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I have several S3 buckets containing a total of 40 TB of data across 761 million objects. I undertook a project to copy these objects to EBS storage. To my knowledge, all buckets were created in us-east-1. I know for certain that all of the EC2 instances used for the export to EBS were within us-east-1.

The problem is that the AWS bill for last month included a pretty hefty charge for inter-regional data transfer. I'd like to know how this is possible?

The transfer used a pretty simple Python script with Boto to connect to S3 and download the contents of each object. I suspect that the fact that the bucket names were composed of uppercase letters might have been a contributing factor (I had to specify OrdinaryCallingFormat()), but I don't know this for sure.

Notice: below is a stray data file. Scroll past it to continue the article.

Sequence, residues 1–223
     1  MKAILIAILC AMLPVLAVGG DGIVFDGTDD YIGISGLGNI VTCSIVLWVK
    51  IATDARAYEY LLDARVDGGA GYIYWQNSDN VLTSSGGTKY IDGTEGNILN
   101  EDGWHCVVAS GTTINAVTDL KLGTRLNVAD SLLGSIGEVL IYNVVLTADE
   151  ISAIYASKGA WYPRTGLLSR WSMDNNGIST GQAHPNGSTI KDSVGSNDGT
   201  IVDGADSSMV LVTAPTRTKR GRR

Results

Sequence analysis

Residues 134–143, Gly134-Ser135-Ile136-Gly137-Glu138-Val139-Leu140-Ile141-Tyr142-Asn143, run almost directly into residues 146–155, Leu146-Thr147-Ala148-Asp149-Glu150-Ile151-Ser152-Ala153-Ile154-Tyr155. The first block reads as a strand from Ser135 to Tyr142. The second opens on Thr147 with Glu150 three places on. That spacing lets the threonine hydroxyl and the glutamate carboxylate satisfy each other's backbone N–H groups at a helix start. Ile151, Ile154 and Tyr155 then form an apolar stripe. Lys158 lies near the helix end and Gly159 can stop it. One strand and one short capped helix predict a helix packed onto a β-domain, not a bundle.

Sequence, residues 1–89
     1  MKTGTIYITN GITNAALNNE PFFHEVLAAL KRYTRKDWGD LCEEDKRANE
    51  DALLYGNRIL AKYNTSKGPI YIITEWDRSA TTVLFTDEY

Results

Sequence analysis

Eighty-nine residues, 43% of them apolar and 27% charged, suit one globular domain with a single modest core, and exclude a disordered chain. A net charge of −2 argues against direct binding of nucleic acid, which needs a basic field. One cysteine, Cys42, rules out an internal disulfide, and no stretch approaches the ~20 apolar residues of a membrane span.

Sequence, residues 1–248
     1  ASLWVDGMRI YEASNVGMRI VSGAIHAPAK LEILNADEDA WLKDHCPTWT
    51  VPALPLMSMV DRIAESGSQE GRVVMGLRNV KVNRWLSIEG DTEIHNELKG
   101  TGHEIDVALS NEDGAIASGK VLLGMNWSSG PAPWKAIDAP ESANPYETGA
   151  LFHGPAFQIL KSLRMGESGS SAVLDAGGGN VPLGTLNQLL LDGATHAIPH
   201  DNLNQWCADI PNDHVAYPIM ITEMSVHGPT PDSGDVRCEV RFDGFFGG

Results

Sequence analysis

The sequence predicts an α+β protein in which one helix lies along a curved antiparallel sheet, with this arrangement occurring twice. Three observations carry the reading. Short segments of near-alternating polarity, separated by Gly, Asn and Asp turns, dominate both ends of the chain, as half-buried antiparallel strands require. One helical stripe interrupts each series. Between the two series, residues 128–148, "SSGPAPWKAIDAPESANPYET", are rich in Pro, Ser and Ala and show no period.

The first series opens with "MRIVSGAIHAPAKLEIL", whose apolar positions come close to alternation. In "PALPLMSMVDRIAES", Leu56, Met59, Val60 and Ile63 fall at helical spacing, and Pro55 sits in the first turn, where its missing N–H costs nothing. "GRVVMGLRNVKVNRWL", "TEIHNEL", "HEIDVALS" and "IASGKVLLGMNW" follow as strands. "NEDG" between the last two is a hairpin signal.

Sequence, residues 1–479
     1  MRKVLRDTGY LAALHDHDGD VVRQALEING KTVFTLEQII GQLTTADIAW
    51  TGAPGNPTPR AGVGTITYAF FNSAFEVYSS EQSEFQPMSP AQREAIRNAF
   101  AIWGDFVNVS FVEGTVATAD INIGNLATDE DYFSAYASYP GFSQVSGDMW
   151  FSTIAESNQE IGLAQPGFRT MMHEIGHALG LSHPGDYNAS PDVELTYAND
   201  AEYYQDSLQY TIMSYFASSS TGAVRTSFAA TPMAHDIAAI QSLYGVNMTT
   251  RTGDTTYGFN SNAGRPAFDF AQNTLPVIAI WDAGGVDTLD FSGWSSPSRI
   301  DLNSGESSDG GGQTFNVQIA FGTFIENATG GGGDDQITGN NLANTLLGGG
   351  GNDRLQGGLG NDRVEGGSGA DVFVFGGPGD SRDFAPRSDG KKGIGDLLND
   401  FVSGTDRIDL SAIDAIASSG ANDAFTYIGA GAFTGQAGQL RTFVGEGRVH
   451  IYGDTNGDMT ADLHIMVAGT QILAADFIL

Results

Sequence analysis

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2 Answers 2

AFAIK, a bucket with uppercase characters in it's name can only exist in the classic S3 region (i.e. us-east-1). Did all of your bucket names contain uppercase characters? Do the buckets still exist? If so, you could double check their location like this:

import boto
c = boto.connect_s3()
for bucket in c.get_all_buckets():
    print(bucket.name, bucket.get_location())

If the bucket is located anywhere other than the us-east-1 region, you will see the location printed next to it's name. Otherwise, it will be blank.

If all of the buckets are in the us-east-1 region and you are 100% certain that all of the EC2 instances were also in us-east-1 and that all of the EBS volumes you created were also in the us-east-1 region than I have no explanation for why you would have seen inter-regional traffic charges on your bill. I do not believe that boto randomly connects to different regions. It might be worth asking AWS about that. There probably is a legitimate reason but it's not obvious to me.

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Mitch, the problem ended up being an internal billing error at AWS. They're working to correct it. Thanks for the input though! –  jamieb Aug 21 '13 at 20:12

The problem ended up being an internal billing error at AWS and was not related to either S3 or Boto.

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